Commodities Market Impact Weather

Pattern Change Expected This Week

John Baranick
By  John Baranick , DTN Meteorologist

MINNEAPOLIS (DTN) -- Changes to the hot and dry period along with Brazil's continued dryness are the primary weather concerns holding the market's attention Monday.


Isolated to occasionally scattered showers fell across the eastern portions of the Midwest this weekend. Western areas saw very isolated activity on Friday as thunderstorms dried out as they moved through. More areas remained dry than received rainfall as drought continues to worsen in Minnesota and Iowa. Heat has also built back into the western half of the region while a cold front will bring more seasonable temperatures to the east this week. The front causing the temperature change may or may not stall across southern portions of the region this weekend into next week. If it does, more widespread showers will be possible across the southern half of the region, but drought is likely to remain across the north, stressing developing corn and soybeans.


In the Southern Plains, clusters of thunderstorms fell over all but the central portions of the Plains over the weekend. Pockets of thunderstorms may develop across western areas during the next several days before a front moves into the region late in the week. This front may or may not stall across the region and models are unsure of its movement or activity. If it indeed stalls, beneficial rainfall will likely be the result this weekend into next week. Otherwise, pockets of dryness are likely to creep back into the region as any thunderstorms would then be isolated. Until that front comes in this week, conditions should be mostly favorable for wheat harvest.


Some isolated showers formed over central South Dakota on Sunday, but most of the Northern Plains were dry this weekend. After a day of milder conditions, the heat built back into the region on Sunday. The heat will remain in the area through Wednesday, when a front will come through the region and take temperatures on a slow progression toward below normal by this weekend. The heat may induce some isolated thunderstorms and the front may cause some as well, but overall, coverage and amounts will not be very good as drought will worsen for areas that were missed last week, and likely resume for areas that did see some improvement. Temperatures going below normal will help with the stress, but crops are in dire need of moisture through most of the region.


Flooding occurred in the middle portion of the Delta last week, causing a need to replant. Isolated showers redeveloped over that same portion of the region on Sunday, but it will be drier for the rest of this week, helping soils to drain and floodwaters to recede. Otherwise, conditions are favorable for developing soybeans and cotton. We will have to watch for a potential tropical storm developing in the western Gulf of Mexico later this week, and where it moves during the weekend and next week.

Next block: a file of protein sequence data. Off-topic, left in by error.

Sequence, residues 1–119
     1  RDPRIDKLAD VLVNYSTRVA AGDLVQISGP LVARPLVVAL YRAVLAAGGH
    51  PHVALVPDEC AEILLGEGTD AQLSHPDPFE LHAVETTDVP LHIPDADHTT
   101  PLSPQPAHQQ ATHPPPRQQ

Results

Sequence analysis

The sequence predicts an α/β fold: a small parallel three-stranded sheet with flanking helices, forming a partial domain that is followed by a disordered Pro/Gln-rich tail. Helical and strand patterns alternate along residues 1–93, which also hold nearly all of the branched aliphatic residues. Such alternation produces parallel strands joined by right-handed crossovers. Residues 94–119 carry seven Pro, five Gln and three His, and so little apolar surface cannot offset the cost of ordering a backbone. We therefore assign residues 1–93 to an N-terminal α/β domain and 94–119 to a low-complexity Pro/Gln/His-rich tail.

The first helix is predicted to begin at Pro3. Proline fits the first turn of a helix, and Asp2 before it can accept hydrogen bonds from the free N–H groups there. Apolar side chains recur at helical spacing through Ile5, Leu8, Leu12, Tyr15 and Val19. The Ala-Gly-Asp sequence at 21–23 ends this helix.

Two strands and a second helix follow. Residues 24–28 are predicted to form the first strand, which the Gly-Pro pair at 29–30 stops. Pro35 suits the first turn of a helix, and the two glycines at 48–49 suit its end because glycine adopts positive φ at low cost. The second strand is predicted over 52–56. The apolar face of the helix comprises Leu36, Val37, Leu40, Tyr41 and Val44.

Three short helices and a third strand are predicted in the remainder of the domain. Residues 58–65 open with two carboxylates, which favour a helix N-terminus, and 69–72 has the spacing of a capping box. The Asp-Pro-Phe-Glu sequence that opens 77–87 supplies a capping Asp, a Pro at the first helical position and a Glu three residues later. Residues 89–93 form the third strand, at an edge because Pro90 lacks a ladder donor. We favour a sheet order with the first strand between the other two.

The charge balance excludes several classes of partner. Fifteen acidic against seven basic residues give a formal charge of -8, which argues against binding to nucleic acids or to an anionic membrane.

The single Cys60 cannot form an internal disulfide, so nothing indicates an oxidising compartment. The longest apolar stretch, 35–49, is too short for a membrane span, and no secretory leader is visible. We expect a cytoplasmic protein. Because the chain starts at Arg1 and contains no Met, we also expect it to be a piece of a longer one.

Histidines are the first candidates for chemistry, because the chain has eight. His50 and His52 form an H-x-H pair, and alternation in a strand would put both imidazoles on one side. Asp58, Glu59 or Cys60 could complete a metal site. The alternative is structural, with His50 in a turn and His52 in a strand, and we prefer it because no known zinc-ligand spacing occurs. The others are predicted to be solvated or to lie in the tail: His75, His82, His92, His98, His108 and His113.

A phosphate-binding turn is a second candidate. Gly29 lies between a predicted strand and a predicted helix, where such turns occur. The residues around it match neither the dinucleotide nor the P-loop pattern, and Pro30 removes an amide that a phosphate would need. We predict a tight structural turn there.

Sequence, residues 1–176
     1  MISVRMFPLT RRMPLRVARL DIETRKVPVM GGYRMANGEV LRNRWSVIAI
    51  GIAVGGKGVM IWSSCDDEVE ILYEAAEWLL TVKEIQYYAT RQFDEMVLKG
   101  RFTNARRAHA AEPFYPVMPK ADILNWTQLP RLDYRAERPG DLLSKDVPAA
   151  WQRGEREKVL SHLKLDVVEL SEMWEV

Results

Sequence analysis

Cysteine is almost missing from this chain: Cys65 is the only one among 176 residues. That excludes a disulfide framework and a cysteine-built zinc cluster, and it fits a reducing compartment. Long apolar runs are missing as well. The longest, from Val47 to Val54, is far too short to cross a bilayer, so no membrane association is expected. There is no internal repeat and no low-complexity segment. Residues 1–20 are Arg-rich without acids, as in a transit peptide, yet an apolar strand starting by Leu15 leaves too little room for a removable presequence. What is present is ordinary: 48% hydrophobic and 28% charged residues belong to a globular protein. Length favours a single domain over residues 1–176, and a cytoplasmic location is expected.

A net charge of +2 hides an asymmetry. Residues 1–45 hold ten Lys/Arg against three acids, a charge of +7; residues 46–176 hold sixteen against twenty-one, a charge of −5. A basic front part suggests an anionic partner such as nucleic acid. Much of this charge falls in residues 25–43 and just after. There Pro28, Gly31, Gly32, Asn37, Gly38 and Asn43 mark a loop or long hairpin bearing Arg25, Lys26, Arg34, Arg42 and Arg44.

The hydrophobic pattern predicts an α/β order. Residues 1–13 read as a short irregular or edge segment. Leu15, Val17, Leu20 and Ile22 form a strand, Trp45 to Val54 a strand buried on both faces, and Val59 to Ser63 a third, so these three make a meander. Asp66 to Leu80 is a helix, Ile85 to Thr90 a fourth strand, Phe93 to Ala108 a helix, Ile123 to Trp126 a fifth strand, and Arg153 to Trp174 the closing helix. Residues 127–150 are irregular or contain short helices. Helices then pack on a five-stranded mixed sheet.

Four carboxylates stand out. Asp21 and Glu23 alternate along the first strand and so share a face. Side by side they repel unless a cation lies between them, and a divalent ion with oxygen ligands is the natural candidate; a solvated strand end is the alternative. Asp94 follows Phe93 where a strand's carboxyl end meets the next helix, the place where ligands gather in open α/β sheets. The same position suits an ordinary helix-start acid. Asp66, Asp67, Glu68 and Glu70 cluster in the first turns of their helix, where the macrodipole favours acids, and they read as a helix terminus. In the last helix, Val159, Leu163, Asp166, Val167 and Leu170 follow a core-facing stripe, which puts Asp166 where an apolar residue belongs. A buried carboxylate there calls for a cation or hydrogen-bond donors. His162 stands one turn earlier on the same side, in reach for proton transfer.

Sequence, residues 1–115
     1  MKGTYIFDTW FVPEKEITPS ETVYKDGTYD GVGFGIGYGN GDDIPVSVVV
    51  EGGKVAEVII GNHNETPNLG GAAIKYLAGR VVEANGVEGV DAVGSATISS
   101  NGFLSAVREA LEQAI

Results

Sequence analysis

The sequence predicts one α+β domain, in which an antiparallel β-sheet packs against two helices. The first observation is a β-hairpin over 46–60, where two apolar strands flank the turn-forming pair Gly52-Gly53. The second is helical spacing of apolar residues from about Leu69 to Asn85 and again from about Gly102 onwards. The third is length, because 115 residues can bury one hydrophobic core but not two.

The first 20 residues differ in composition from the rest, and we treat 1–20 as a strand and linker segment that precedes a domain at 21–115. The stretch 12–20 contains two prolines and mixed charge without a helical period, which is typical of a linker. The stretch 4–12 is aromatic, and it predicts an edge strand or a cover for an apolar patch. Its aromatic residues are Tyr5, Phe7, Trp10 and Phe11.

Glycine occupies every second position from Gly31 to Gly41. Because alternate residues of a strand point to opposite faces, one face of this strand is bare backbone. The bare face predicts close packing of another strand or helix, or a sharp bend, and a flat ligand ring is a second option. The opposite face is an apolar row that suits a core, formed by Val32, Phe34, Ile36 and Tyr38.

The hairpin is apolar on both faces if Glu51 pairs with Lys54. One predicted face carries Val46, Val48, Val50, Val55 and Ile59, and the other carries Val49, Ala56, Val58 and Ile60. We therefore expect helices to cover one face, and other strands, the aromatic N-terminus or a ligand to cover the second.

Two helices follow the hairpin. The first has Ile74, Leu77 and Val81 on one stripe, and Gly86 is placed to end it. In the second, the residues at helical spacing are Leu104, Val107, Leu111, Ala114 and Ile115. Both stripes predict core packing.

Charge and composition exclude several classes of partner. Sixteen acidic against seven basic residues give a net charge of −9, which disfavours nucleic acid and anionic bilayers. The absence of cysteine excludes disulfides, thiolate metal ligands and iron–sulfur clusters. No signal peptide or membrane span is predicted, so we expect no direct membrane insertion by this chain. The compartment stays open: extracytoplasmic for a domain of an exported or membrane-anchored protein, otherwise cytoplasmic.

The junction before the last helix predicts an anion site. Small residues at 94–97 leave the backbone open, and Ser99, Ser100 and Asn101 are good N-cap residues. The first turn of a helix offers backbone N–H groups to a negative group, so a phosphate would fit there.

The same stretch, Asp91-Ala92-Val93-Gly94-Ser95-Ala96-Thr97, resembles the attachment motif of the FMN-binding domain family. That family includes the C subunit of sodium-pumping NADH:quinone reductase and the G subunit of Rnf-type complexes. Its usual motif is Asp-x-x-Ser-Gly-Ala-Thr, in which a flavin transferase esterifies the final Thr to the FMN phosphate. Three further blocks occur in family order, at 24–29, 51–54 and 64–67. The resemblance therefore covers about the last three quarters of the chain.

Scattered showers have occurred nearly every day during the last week in the Southeast, benefiting drier soils. After Monday, showers will be more focused along the coasts with drier conditions inland. Overall, conditions are favorable for developing cotton. We will have to watch for a potential tropical storm developing in the western Gulf of Mexico later this week, and where it moves during the weekend and next week.


Heavy rain continued over eastern portions of the Canadian Prairies Friday with some isolated showers on Saturday and drier conditions on Sunday. The recent rainfall has been highly beneficial for developing crops, except there were places that did receive too much and caused some flooding. Otherwise, heat through Wednesday will help plants take advantage of the soil moisture. A cold front will move through on Tuesday and Wednesday. Some scattered showers will be possible along with strong winds, but temperatures will be on a roller coaster of up-and-down for the following week. A couple of isolated areas may see frosty mornings during the down swings.


A front moved from southern to central Brazil during the weekend. Some scattered showers made it into the moisture-starved central states, but amounts were generally less than 0.50 inch and overly unhelpful. Some isolated showers may continue for Mato Grosso, Goias, and Minas Gerais through Tuesday but drier conditions continue to suppress yield prospects for safrinha (second crop) corn. A system is expected to affect southern states yet again late this week and weekend with isolated showers.


An upper-level low continued to produce widespread showers over the Black Sea region this weekend benefiting developing crops, but putting some extra disease pressure on winter wheat that is heading toward maturity. The low will continue to produce showers in the region for most of this week, but shift more toward the Balkans late this week and weekend.

John Baranick can be reached at

John Baranick